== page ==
It covered protestors such as Sturla and Eva, whose hopes were spectacularly raised when popular demonstrations led directly to the government resigning in a fantastic display of 'people power'.
Yet their dreams were quickly dashed, as it soon became obvious that little would change under the new regime.
Sadly the disillusioned Sturlas and Evas, once the heroes of the nation, became part of the huge numbers of Icelanders who are emigrating in droves, something that the country has never before experienced in modern times.
Very very sad.
I Love Iceland!
I have a special affinity with Iceland, having lived there for over two years. There is an awe-inspiring spiritual and natural beauty in its primeval landscapes and seascapes found no-where else in the world. Yet the people share many traits with the Irish. Traditionally, they were family-orientated, hardworking, nationalistic, proud of their rich literary heritage with a respect for nature that was indicative of a people that relied on the land and sea for their survival.
But, as with the Irish, they succumbed in recent decades to the get-rich quick mentality of property speculation, importing low-paid Eastern European workers to build the houses of a construction boom that was unsustainable and nothing more than a facade. For it was the new arrivals that populated so many of the accommodation units that they themselves built rather than to meet the needs of the small indigenous population. As was the case in Ireland, politicians, bankers and developers were trumpeted as ‘role models’ not just at home but also on the world stage.
Members of this ‘nouveau riche’ arrogantly flaunted their new wealth, milked the public coffers via tax breaks and state contracts, and invested their monies in personal aggrandisement and overseas acquisitions. Both countries took their ‘eye off the ball’ and let their natural strengths, that were carefully built up over so many years and which originally provided the foundations of their economic development in modern times, wither away due to the lack of sufficient investment.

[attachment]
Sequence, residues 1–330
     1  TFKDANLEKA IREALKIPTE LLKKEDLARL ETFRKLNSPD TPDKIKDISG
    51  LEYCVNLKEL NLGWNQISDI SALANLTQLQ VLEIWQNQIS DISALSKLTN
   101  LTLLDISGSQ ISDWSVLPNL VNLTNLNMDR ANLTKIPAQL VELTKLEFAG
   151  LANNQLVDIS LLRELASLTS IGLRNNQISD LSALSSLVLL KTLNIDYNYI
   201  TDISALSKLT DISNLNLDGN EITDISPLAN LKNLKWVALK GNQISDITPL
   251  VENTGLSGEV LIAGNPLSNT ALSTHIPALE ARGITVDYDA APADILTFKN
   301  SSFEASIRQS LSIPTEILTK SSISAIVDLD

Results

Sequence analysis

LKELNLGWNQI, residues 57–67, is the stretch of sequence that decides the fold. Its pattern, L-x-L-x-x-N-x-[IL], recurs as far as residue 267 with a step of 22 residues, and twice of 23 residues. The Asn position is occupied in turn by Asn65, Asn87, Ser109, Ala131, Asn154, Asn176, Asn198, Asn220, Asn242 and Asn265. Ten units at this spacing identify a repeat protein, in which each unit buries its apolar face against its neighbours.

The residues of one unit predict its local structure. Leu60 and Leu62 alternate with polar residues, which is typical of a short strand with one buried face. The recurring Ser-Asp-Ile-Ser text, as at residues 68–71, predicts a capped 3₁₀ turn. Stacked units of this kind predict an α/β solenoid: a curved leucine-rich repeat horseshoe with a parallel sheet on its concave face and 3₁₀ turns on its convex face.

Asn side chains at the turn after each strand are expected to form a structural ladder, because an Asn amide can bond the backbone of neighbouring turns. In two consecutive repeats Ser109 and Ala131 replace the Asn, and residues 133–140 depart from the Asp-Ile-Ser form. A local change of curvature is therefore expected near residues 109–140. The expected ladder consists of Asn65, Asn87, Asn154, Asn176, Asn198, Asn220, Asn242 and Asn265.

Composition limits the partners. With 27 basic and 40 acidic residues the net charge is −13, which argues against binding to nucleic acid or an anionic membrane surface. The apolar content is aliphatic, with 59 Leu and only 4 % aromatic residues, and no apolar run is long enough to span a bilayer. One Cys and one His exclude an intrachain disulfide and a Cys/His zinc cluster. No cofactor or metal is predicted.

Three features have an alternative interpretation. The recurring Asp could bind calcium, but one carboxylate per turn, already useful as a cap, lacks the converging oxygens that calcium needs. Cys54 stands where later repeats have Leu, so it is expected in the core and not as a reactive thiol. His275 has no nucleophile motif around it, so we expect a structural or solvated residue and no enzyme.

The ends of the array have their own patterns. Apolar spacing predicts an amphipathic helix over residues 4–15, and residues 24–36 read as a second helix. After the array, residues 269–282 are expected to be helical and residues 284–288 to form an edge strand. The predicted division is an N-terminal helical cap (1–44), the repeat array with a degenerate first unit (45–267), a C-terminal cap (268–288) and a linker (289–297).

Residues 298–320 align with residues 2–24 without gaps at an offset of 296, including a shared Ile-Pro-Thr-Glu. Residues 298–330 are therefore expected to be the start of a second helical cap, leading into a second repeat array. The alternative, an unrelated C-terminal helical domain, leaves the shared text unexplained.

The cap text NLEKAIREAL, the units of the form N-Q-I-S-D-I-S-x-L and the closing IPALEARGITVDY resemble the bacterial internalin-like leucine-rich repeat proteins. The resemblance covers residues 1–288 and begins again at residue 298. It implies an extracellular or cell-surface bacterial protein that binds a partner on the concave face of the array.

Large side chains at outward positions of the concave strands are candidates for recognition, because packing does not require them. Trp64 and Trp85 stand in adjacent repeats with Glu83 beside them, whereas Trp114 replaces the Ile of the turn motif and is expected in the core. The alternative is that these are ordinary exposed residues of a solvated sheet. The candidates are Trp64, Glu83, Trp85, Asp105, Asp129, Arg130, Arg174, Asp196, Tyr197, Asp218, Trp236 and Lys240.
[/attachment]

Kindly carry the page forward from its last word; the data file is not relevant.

In Iceland, it was fisheries.
In Ireland, it was manufacturing, agriculture and tourism. Many Irish people did not want to work in factories, or in the hospitality trade, thinking it was beneath them; farmers abandoned farming and they sold their arable land to property developers. Tourists that use to come for the enjoyment of our countryside and for fishing stayed away as they witnessed an Ireland being contaminated by urban sprawl, high-pricing, pollution and where it was hard to find an Irish pub or restaurant where you could get served by an Irish man or woman.
It has been said many times since 2008 that the only difference between Iceland and Ireland is one letter.